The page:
In Canfor Pulp, however, a further piece of evidence was adduced by the Union (having been obtained from the Employer in the disclosure process) and was given significant weight by Arbitrator Hall: the Employer’s internal planning, manning, and budgeting documents. In those documents were target staffing levels set by the Employer, showing the number of tradespeople the Employer sought to employ at the mill every year.

Arbitrator Hall noted that there was no dispute about how the Employer established its annual manning targets:

Every year, each of the Employer’s General Managers sits down with the Employer’s Controller to review the manning levels for the upcoming year. During this meeting, the General Managers and Controller determine what changes, if any, need to be made to the manning levels to maintain normal or market sustainable operating levels.

On the evidence, it was clear that the Employer was consistently below the manning levels it set for itself, and which the Employer had conceded were required to “maintain normal or market sustainable operating levels.”  On this basis, Arbitrator Hall concluded that:

“…the evidence as a whole leads to the unavoidable conclusion that the Employer has by attrition and “through not hiring” allowed its maintenance workforce to chronically fall below baseline manning numbers.”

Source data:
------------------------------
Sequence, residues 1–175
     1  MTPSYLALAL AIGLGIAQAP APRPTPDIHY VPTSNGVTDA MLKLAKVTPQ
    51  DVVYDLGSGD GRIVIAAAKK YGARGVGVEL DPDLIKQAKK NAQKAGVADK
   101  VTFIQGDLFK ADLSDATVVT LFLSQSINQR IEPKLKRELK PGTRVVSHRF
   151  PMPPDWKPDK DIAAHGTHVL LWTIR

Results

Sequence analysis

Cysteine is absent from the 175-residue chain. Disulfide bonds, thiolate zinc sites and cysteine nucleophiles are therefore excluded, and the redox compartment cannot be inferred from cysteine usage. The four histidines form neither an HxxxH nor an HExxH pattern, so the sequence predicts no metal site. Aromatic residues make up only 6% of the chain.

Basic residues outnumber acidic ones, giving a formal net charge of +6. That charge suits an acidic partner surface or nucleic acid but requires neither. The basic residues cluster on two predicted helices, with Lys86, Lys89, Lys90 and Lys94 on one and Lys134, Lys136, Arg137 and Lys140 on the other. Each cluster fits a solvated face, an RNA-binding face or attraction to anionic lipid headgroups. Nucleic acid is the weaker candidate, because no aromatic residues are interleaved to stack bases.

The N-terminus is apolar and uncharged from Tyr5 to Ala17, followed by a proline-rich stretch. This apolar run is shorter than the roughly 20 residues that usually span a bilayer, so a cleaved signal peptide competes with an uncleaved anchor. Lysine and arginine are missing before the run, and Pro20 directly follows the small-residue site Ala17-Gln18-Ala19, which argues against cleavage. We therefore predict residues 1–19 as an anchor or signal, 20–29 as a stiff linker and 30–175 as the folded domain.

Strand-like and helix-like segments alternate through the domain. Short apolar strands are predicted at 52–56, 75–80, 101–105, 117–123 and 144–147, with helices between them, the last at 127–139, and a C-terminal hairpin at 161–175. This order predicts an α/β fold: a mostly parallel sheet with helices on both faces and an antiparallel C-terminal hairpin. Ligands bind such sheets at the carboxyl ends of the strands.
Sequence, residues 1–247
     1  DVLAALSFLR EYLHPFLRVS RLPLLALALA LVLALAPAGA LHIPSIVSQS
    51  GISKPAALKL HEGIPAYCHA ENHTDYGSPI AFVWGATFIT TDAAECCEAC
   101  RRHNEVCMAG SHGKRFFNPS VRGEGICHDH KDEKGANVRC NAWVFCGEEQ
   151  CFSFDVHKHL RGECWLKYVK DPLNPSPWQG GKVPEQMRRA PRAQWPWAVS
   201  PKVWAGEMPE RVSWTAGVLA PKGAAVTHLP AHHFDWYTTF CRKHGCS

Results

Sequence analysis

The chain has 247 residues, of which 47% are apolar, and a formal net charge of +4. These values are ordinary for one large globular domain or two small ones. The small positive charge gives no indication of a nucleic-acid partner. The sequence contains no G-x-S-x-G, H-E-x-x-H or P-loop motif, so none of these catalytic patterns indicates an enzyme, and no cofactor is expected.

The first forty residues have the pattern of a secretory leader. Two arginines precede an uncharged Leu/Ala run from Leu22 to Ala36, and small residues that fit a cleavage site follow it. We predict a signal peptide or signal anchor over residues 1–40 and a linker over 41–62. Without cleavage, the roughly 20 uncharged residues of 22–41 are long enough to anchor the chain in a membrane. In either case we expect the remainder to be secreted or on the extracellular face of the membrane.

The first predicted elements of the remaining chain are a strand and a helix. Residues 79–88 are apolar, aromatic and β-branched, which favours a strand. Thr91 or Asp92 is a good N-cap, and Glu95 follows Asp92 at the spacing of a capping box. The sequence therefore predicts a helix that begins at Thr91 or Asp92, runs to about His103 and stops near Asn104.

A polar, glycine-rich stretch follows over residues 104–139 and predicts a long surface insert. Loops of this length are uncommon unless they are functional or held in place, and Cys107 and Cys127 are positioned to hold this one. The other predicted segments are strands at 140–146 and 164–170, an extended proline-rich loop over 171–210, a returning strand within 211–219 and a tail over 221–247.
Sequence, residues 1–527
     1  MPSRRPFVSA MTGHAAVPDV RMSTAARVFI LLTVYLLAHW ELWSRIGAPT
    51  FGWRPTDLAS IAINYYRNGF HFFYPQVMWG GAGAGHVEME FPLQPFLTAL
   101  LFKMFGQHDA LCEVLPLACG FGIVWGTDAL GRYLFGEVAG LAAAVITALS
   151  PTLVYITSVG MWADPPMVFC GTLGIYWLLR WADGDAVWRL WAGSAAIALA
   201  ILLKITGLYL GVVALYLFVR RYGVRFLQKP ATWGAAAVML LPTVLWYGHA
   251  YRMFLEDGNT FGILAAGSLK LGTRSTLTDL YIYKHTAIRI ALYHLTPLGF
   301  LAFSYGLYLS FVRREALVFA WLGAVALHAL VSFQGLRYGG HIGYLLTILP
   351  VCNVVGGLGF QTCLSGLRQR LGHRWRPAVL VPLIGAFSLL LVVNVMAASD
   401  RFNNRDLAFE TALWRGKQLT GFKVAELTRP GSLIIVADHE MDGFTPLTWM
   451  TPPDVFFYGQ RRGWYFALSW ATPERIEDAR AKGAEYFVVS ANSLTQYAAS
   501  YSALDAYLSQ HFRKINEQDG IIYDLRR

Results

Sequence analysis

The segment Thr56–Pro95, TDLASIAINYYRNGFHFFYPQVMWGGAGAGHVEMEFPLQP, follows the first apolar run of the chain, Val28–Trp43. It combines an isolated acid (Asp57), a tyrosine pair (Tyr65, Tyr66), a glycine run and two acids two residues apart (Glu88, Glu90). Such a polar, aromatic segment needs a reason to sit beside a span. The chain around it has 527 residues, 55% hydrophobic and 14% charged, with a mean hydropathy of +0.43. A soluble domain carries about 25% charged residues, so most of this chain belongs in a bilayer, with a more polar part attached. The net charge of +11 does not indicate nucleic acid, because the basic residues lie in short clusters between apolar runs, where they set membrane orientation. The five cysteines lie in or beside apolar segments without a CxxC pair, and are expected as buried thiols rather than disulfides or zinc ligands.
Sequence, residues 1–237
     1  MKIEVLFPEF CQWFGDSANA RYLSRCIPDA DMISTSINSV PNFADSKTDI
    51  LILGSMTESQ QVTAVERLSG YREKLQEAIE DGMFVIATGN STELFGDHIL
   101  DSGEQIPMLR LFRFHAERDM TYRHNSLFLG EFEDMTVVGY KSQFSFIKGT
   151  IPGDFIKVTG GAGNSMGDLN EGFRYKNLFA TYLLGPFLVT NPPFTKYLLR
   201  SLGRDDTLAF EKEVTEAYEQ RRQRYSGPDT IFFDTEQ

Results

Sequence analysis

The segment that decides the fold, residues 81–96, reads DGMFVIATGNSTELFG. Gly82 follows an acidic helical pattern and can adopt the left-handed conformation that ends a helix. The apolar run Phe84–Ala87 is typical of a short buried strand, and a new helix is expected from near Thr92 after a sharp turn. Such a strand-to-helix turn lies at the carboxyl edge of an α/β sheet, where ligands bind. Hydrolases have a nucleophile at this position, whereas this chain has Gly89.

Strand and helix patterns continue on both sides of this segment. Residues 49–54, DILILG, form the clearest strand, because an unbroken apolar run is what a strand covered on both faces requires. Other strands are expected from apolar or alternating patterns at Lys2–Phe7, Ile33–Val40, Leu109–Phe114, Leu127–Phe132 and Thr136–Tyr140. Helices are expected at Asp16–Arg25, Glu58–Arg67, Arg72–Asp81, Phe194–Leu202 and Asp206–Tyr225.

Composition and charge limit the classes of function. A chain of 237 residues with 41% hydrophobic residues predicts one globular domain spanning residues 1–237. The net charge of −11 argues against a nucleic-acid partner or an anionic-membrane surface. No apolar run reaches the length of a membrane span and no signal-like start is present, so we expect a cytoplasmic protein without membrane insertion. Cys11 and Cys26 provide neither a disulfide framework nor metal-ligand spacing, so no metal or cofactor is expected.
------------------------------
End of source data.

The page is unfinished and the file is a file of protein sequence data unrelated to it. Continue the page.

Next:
Arbitrator Hall found in favour of the Union on this basis alone, and did not resort to the three-step test identified above. Despite the fact that the Employer could demonstrate that it had kept manning relatively consistent over the period in question, had attempted to meet its manning targets, and there were many factors that explained its consistent inability to meet its manning targets, Arbitrator Hall found in favour of the Union.

While the specific article at issue in Canfor Pulp and the related case-law is used primarily in collective agreements in the British Columbia pulp and paper industry, similar clauses have been negotiated in other industries where contracting out is commonplace.  For example, the clause considered in Atomic Energy of Canada Limited., [1996] C.L.A.D. No. 1141 (Szazlak) stated that “it is the intent of the Company that contracting out will not adversely affect employees in the bargaining unit.”


As a result, all British Columbia employers, including but not limited to pulp and paper employers, can take two main lessons from Canfor Pulp, and the decisions that preceded it:

  1. An “intent” clause with respect to contracting out, can create a real and enforceable obligation upon the employer to limit contracting out.
  2. Internal planning documents of manning requirements created for the purposes of budgeting can be used by Arbitrators for purposes employers never intended: namely to establish the minimum manning levels.

Harris & Company LLP is aware of similar matters proceeding to arbitration in the coming months. Employers that are interested in this aspect of labour law should continue to monitor for further updates.

If you have any questions about this decision or its implications for employers, please contact your Harris lawyer or Warren Woodhurst.